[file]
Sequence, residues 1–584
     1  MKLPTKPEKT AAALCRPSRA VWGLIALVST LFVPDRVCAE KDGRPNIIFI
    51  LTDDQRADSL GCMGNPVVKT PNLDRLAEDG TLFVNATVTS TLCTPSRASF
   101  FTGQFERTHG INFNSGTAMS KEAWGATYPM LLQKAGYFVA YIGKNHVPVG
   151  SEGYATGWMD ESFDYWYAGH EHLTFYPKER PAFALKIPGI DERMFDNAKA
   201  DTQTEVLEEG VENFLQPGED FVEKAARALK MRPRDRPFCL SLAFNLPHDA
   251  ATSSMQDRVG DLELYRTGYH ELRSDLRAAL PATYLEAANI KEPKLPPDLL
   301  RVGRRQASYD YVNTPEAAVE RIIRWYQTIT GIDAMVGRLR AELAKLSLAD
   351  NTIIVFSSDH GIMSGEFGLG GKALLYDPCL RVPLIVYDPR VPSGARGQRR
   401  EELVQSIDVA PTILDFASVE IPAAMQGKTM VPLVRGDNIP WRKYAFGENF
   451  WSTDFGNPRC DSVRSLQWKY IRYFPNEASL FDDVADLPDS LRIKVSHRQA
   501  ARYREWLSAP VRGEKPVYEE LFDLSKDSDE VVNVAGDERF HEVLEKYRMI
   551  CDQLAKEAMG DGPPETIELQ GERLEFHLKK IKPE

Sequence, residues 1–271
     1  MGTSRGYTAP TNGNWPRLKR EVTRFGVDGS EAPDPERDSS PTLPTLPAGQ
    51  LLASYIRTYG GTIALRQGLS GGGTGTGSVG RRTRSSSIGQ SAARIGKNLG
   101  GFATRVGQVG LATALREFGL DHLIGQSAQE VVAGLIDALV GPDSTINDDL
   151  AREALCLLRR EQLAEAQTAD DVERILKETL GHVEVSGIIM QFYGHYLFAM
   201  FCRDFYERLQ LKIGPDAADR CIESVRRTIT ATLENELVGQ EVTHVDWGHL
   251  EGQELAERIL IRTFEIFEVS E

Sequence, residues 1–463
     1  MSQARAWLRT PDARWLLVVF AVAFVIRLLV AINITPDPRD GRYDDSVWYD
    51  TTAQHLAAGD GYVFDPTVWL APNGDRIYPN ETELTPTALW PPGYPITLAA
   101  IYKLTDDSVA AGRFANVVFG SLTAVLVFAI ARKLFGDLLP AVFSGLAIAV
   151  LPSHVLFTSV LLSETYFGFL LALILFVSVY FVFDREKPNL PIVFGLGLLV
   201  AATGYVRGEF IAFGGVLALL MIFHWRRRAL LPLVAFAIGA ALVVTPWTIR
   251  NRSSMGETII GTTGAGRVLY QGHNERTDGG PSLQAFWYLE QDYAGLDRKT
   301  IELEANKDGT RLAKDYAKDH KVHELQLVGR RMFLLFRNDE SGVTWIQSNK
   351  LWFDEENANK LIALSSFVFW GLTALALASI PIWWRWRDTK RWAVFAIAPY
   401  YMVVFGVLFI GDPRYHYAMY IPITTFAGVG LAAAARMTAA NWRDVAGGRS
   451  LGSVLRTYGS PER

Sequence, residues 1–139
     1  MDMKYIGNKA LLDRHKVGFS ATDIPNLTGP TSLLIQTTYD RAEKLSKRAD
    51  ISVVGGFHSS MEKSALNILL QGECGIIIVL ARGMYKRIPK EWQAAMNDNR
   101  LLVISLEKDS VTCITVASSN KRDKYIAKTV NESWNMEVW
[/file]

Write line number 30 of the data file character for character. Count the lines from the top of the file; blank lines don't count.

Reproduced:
   401  YMVVFGVLFI GDPRYHYAMY IPITTFAGVG LAAAARMTAA NWRDVAGGRS